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What is Saltwater Tackle?

Article Details
  • Written By: Ken Black
  • Edited By: Bronwyn Harris
  • Last Modified Date: 10 September 2017
  • Copyright Protected:
    2003-2017
    Conjecture Corporation
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Saltwater tackle is equipment specifically used for saltwater fishing, whether it be bait, lures or other types of gear. In many cases, there may not be much difference between freshwater and saltwater tackle, and much of it could be used in either situation. In other cases, there could be substantial differences, depending on the location and type of fish being sought.

For example, most freshwater fishing is done for species that usually do not have teeth and are less than 15 pounds (7 kg), and anglers usually do not have to deal with sharp formations such as barnacles and coral and corrosive water. In saltwater fishing, all of those things could be considerations. Therefore, saltwater tackle is made to help deal with some of those issues. Tackle made for freshwater simply will not hold up under some of these conditions.

One of the first things people may notice about saltwater tackle is that it is usually bigger than that which is used for freshwater fishing, with the poles being stiffer and thicker to take on larger fish. The line can be much thicker and rated for much higher weights. Even the hooks can be thicker to prevent fish from biting through them or breaking them in some other fashion.

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Most lures included in saltwater tackle may be a little different as well. For example, a variety of spoons and topwaters are used in saltwater. While these are also used in freshwater fishing, the size is one of the major differences, at least in some cases.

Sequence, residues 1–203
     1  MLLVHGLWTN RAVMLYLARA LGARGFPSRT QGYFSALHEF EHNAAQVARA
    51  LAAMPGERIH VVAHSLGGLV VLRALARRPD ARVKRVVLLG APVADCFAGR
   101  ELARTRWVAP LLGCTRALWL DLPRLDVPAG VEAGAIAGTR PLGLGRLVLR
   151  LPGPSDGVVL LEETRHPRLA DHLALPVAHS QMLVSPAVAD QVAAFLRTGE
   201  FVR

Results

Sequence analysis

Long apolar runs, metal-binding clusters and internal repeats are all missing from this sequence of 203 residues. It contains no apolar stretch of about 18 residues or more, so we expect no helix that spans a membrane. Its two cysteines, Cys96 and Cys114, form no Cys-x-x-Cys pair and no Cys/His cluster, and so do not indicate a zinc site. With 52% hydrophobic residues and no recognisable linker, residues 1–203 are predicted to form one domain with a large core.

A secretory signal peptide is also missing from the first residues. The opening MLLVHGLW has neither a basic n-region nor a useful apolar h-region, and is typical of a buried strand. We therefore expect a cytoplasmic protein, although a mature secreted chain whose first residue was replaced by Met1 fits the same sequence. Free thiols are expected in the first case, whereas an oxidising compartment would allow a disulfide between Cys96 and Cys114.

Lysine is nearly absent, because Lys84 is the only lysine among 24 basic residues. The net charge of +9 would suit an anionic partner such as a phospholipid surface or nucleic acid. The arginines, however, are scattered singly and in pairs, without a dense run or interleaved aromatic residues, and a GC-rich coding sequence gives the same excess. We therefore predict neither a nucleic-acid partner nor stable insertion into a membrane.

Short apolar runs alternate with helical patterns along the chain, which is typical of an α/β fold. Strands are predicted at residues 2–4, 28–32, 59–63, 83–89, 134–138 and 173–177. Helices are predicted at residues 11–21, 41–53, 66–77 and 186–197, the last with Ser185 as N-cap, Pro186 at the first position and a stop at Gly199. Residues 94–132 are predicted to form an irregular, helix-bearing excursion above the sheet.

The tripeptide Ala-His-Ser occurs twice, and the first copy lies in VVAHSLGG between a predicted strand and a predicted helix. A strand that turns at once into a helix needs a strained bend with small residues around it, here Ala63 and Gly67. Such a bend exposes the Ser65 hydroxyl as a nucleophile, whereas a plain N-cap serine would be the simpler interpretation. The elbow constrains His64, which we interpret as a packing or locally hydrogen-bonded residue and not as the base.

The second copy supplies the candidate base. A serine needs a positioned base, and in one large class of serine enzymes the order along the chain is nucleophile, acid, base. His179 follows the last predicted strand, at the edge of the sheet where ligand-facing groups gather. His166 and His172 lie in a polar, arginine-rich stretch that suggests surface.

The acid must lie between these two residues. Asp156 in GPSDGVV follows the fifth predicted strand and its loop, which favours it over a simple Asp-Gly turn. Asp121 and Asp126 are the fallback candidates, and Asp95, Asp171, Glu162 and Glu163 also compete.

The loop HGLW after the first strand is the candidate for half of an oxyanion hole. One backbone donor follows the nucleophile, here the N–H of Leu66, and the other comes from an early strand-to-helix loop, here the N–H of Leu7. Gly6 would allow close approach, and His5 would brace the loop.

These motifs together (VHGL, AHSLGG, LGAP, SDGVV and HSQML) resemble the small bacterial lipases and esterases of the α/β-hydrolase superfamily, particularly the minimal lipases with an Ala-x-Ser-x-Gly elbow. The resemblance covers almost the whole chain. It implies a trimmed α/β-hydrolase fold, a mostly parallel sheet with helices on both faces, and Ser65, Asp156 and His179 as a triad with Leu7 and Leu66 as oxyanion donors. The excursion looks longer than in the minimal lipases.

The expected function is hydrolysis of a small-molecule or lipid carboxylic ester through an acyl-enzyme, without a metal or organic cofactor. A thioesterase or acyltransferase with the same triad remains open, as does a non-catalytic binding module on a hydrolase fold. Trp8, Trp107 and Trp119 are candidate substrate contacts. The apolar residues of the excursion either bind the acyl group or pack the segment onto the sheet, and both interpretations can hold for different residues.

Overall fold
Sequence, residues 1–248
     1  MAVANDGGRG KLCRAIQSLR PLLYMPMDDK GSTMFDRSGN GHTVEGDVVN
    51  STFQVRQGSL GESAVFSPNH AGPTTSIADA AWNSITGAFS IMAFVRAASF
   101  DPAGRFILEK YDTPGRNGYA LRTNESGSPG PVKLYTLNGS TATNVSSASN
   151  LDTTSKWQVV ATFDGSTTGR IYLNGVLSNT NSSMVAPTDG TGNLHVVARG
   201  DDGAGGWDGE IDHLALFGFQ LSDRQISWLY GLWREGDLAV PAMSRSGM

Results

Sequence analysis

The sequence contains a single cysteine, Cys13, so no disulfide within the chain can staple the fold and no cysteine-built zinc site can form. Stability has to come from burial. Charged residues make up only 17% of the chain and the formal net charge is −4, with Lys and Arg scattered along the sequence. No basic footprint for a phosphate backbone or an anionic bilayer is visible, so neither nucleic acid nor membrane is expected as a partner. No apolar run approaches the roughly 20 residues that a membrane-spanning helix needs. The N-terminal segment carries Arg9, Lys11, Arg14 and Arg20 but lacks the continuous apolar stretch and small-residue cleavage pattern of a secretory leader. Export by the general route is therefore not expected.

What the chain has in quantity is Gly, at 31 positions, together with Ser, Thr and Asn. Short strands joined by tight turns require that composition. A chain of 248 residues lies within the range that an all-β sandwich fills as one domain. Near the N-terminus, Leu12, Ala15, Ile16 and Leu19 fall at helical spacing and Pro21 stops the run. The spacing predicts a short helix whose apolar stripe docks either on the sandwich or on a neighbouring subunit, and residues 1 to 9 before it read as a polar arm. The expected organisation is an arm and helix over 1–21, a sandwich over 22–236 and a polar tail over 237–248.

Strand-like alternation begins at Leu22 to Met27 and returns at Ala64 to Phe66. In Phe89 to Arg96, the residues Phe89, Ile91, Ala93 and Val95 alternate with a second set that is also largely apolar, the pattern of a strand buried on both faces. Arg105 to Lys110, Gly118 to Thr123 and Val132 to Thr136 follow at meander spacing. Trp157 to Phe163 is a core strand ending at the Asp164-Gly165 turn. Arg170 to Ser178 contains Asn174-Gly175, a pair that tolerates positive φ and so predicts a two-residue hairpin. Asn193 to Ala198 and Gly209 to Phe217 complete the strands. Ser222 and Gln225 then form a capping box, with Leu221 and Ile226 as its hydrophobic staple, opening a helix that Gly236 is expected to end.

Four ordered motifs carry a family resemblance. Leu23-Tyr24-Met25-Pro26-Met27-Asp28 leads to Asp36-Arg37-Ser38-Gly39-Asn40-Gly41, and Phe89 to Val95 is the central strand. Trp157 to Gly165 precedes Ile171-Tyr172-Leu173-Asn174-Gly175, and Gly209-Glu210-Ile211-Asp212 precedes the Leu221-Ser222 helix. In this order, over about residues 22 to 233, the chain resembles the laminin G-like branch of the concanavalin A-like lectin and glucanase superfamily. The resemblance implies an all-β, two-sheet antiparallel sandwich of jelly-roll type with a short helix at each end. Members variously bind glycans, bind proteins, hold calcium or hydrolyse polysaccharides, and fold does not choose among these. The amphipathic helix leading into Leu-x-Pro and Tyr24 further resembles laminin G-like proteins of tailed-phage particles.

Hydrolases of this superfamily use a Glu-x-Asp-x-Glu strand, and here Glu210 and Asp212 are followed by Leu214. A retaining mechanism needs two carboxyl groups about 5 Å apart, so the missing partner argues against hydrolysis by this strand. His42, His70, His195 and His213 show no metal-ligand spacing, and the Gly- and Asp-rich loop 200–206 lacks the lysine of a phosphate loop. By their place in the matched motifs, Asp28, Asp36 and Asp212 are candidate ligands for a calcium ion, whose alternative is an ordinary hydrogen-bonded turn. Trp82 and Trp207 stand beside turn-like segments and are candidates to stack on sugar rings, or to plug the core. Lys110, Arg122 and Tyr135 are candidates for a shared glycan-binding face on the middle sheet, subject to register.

While spinning and baitcasting reels are often used in saltwater fishing, there are other types of reels, often called big game reels, used to go after certain species of saltwater fish. These reels do not place a premium on casting, but rather on keeping the line in place when fighting larger fish. A spinning reel would be no contest against some of the bigger saltwater species.

The ability of saltwater tackle to stand up to harsher fishing conditions is one of the reasons why many find it necessary to switch when going to saltwater. For example, steel leaders, generally considered a nuisance and unnecessary in freshwater fishing, are considered by many to be requirements with saltwater fishing. This is because the line is so easily cut on a number of objects when fishing in saltwater.

The bait used is another aspect of saltwater tackle that is different. Whether it is cut bait or live bait, fishing for saltwater fish requires different types of baits than freshwater fishing. Saltwater shad and shrimp are common choices, as well as squid and sand fleas. Live baits are preferred by some species, but cut baits, which are often easier to deal with, can also be used to catch a number of different types of fish.

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